To get the most out of your tow-behind rototiller (such as the DR Roto-Hog Power Tiller), there are some great tips and tricks that our product testers have come up with. Our product testing crew puts at least 100 hours on each of our machines before we finalize a design, so they know them inside and out. Here’s what they recommend for rototilling with a tow-behind tiller:
1. Check the ground moisture.
If you can make a ball of soil in your hand, it’s too wet to till. The soil will cake onto your machine, the tines won’t turn properly, and the end result will be less than you expected. Wait a while for it to dry out before tilling.
2. Don’t go too deep too fast.
Soil conditions will determine how deeply you’ll be able to till on the first pass. If the soil is particularly hard-packed or if you’re tilling unbroken sod, just scratch the surface on the first pass. Then, go back over the area again a bit more deeply. Eventually you’ll be able to get to the full depth that your tiller allows for (7-1/2″ for the DR Roto-Hog). If the soil is softer and more malleable, you may be able to till to the full depth on the first pass. The Pro model DR Roto-Hog is unique in that it allows you to adjust the tilling depth right from your towing vehicle, which is a big time- and energy-saver.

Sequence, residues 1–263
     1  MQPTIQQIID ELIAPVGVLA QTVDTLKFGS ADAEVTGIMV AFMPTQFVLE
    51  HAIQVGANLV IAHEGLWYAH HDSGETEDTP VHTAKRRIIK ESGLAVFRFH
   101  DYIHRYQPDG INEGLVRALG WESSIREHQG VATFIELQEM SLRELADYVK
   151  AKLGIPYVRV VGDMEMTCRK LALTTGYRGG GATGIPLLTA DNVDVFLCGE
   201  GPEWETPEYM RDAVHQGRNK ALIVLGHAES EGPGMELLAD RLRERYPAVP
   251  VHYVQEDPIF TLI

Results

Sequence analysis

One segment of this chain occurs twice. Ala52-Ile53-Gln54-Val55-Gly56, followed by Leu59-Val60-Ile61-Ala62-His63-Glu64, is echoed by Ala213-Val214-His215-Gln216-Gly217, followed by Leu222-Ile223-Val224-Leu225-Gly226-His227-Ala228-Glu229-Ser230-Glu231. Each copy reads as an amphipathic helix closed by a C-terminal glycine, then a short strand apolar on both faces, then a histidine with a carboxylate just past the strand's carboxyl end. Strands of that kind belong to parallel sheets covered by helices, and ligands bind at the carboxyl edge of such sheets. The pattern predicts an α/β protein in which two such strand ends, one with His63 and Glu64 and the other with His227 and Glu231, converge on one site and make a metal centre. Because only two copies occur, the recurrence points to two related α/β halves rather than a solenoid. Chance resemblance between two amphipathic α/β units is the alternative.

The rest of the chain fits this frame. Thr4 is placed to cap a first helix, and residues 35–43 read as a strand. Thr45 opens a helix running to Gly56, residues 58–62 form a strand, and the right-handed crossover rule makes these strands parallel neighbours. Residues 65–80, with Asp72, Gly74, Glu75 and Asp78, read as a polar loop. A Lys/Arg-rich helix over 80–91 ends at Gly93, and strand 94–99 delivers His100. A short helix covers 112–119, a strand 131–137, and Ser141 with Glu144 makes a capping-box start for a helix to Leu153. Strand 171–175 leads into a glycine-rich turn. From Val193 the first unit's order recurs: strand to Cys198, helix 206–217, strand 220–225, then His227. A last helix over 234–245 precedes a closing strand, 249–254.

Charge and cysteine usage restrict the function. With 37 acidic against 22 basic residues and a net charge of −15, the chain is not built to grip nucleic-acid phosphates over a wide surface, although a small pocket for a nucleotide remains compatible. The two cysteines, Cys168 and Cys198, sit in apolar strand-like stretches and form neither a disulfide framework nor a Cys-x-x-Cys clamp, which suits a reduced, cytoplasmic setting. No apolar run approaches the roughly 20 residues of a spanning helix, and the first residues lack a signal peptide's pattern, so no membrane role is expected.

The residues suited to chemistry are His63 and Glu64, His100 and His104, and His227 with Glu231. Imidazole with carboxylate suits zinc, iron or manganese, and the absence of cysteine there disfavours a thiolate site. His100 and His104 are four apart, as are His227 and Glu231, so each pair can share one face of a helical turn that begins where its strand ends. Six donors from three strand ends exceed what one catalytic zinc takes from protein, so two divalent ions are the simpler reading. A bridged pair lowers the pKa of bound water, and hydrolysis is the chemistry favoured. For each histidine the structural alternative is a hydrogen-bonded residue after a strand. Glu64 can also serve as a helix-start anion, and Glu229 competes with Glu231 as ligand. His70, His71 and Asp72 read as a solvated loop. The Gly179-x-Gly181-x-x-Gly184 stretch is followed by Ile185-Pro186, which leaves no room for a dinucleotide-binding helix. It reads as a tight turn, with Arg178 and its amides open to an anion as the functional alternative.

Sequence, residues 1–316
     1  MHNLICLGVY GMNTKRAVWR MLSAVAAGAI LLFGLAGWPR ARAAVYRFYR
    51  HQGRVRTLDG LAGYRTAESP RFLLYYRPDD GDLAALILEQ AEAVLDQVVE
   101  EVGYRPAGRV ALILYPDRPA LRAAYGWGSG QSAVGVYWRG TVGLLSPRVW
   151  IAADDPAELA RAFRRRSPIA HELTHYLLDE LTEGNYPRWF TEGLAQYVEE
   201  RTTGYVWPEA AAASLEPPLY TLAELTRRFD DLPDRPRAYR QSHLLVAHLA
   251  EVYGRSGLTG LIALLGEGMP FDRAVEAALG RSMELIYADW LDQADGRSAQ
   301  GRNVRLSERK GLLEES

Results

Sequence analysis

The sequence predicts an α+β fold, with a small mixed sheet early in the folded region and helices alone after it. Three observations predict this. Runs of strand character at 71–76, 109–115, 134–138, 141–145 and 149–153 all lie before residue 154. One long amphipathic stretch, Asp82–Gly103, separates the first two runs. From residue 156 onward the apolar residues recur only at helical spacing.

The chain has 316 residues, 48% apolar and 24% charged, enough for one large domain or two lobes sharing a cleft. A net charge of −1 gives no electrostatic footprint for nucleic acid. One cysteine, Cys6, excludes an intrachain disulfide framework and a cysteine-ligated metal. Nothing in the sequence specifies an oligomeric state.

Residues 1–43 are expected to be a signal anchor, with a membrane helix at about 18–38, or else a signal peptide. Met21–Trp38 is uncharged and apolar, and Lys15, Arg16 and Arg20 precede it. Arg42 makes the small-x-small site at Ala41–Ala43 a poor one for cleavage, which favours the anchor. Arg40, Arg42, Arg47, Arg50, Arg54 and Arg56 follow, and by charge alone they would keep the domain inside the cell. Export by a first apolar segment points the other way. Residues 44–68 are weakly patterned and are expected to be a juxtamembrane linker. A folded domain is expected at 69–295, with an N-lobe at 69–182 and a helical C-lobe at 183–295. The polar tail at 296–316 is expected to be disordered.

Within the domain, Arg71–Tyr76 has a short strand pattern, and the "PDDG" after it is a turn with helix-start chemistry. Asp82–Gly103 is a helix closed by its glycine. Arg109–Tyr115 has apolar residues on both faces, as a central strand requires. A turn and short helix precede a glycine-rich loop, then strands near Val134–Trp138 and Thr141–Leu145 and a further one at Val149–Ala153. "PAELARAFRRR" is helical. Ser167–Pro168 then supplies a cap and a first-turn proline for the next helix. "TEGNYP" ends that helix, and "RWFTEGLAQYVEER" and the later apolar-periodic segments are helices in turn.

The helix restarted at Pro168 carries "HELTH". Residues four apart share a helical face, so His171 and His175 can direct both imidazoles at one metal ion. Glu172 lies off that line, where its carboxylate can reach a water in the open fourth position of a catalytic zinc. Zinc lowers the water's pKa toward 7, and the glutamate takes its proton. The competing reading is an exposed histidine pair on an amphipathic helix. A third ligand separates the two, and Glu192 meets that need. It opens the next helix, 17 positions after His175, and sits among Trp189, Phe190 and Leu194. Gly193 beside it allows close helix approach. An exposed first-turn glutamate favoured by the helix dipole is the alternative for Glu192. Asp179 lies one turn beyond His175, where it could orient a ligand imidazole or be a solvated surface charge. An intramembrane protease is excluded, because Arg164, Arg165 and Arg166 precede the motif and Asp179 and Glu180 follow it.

3. This isn’t the place for speed demons.
You will get the deepest, most even till if you operate your towing vehicle at full throttle at its slowest speed. Yes, this will take slightly longer to complete the whole garden, but you will be much happier with the result.
4. Till in this pattern.
The 36″ width of the DR Roto-Hog makes it great for minimizing the time you spend rototilling the garden, but it can make tight turns difficult. Most other tow-behinds are similar. The product testers recommend using this tilling pattern to make it as easy as possible:
- Till your first row, then skip a row the width of your machine.
- Circle around and till the skipped row in the opposite direction.
- Skip the next tilled row as well as another row the width of the machine.
- Circle again and till the skipped row.
5. Listen to the tiller.
If you notice that the RPMs on your machine decrease significantly or stall completely, it probably means that the engine is overloaded, and you should try tilling more shallowly (see #2 above). If the RPMs seem to be very high, as if the tines are spinning too fast, try lowering them and tilling more deeply. If you listen closely to your engine, you’ll be able to tell when it’s struggling.
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